Vortex

poetry by Manolis

Review

An ancient music runs through the poetry of Manolis, so it is appropriate that his work should be presented with Greek en face. Vibrant, radiant, his poetry is steeped in an antique tradition and yet is thoroughly modern in scope and refreshingly new. It is at once devotional, musical and earthy, yielding deep impressions of a life lived passionately. Taut, lyrical and everywhere informed by a powerful and subtle melody, Vortex is a remarkable and exciting book of poems. It celebrates the natural and metaphysical worlds in a tone that is at once contemporary and classical, revealing an extraordinary range of subjects and ideas, handled with the surety of an accomplished voice. Vortex is both sculptural and ethereal, engaging both the mind and heart equally, and a delight to the senses.

– Richard Olafson

In his new collection of poems Manolis scans the vortex and sees in its turbulence and eddies, the clash and tease of love. He reminds us that "words cast no shadows" and that we have "new saints" to protect us, and that behind the "muddy barricades" where we fight our battle with death there is always the desire of the soul to return and linger among "small pebbles" and "sea froth", and stare at the "brightest star" in the heavens–acknowledging and seeking that which is still "unbound"–still incarnating around it.

His voice is lyrical, prophetic in its attention, and compelling in its scope. His purpose, to uphold the details and vignettes of a life well into its fullness... A life grounded in memories that teach as well describe. In that sense one is tempted to read his poems as enacted parables that bridge the gap between the soul and the companion it finds in the flesh.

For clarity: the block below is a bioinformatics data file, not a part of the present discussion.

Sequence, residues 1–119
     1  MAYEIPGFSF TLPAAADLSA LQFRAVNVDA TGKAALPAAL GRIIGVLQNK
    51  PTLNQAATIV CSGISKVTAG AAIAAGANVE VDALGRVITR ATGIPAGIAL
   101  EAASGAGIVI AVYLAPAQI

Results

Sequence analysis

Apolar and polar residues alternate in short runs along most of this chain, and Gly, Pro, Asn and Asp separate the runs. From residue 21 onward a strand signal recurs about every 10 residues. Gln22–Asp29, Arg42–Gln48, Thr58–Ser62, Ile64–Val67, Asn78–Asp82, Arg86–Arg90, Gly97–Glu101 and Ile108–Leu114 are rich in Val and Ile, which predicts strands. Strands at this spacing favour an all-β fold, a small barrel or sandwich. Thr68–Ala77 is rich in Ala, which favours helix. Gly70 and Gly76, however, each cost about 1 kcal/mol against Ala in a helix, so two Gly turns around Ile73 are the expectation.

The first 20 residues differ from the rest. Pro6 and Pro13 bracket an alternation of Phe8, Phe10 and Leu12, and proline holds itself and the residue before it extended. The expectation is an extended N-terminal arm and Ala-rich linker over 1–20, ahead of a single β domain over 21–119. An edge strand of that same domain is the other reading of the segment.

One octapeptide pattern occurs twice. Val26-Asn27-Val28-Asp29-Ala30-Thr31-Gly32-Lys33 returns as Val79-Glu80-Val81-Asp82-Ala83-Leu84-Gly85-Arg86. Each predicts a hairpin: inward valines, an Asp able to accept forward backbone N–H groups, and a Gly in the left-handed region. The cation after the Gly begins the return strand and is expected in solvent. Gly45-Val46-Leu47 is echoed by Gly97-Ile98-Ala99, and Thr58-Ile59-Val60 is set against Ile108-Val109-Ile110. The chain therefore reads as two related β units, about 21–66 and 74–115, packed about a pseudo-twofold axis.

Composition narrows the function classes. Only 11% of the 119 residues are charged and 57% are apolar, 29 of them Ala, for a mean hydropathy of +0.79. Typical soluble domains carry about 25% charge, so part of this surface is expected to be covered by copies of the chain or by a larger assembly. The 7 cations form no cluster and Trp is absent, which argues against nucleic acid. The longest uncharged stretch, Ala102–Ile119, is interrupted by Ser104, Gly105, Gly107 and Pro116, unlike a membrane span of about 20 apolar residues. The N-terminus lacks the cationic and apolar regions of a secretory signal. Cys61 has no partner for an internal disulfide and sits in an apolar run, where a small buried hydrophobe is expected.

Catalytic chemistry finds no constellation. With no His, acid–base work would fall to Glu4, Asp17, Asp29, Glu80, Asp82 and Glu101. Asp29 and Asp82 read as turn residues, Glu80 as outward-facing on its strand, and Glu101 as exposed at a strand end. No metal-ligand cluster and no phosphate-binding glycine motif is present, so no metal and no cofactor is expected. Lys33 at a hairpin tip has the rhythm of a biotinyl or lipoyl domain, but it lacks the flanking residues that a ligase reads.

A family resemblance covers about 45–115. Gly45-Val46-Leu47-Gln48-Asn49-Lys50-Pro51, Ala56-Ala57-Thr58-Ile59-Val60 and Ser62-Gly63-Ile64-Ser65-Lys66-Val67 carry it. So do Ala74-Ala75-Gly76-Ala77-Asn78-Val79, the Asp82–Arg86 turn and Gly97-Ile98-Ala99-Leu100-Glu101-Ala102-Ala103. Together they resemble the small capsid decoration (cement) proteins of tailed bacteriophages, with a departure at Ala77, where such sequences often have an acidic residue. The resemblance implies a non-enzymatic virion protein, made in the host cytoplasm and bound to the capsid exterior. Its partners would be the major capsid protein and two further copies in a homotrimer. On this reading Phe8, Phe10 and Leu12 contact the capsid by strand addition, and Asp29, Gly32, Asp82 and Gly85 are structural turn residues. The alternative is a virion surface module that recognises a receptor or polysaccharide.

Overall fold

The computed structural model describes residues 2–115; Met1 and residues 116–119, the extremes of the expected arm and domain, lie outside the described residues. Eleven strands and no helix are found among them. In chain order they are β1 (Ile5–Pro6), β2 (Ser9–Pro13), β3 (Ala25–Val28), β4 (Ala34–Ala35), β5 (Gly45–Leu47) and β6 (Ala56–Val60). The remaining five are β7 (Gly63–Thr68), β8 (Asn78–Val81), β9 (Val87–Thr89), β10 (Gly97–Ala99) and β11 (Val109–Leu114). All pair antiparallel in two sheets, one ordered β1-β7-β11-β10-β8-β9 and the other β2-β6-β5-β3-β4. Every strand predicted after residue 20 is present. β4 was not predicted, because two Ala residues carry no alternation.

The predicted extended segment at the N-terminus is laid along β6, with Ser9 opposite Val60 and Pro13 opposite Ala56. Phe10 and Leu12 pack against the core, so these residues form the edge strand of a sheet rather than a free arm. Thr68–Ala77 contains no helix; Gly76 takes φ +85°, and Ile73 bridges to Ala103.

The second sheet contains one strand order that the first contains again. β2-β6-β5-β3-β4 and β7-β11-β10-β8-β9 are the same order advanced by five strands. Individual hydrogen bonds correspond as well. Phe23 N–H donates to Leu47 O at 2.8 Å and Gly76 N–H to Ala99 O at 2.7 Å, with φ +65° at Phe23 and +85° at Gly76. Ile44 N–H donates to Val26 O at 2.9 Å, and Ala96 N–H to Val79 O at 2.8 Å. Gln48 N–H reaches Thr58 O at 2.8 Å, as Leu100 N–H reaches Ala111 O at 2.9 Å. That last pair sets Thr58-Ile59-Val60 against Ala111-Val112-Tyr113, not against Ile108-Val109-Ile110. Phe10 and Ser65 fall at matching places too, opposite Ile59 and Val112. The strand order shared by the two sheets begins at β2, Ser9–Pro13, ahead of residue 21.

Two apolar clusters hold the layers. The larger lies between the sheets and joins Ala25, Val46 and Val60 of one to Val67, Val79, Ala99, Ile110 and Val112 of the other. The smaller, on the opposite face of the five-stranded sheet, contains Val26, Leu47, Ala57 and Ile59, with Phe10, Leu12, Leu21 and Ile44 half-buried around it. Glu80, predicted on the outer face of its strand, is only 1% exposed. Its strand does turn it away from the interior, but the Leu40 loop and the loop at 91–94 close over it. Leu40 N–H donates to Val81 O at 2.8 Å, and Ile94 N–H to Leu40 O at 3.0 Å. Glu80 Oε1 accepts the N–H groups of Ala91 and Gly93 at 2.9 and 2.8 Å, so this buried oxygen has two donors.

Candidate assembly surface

– Ilya Tourtidis, May 28, 2011

Excerpt

Wonder
I could come back–you said
when you would call me

I could come back to saddle
my white horse and ride next to you

toward that glen where we sat
that sunlit afternoon

I could come back–you said
without my whims

I could bring with me
the laughter we shared
in that sunlit glen

I close my eyes wondering
where you are
what keeps you away
"A little while, a moment of rest upon the wind, and another woman shall bear me"
– Kahlil Gibran, The Prophet

About the Author

Manolis (Emmanuel Aligizakis) is a Greek-Canadian poet and author. He was recently appointed an honorary instructor and fellow of the International Arts Academy, and awarded a Masters for the Arts in Literature. He is recognized for his ability to convey images and thoughts in a rich and evocative way that tugs at something deep within the reader. Born in the village of Kolibari on the island of Crete in 1947, he moved with his family at a young age to Thessaloniki and then to Athens, where he received his Bachelor of Arts in Political Sciences from the Panteion University of Athens. After graduation, he served in the armed forces for two years and emigrated to Vancouver in 1973, where he worked as an iron worker, train labourer, taxi driver, and stock broker, and studied English Literature at Simon Fraser University. He has written three novels and numerous collections of poetry, which are steadily being released as published works. His articles, poems and short stories in both Greek and English have appeared in various magazines and newspapers in Canada, United States, Sweden, Hungary, Slovakia, Romania, Australia, and Greece. His poetry has been translated into Spanish, Romanian, Swedish, German, Hungarian languages and has been published in book form or in magazines in various countries. He now lives in White Rock, where he spends his time writing, gardening, traveling, and heading Libros Libertad, an unorthodox and independent publishing company which he founded in 2006 with the mission of publishing literary books. His translation book George Seferis-Collected Poems was shortlisted for the Greek National Literary Awards, the highest literary recognition of Greece.

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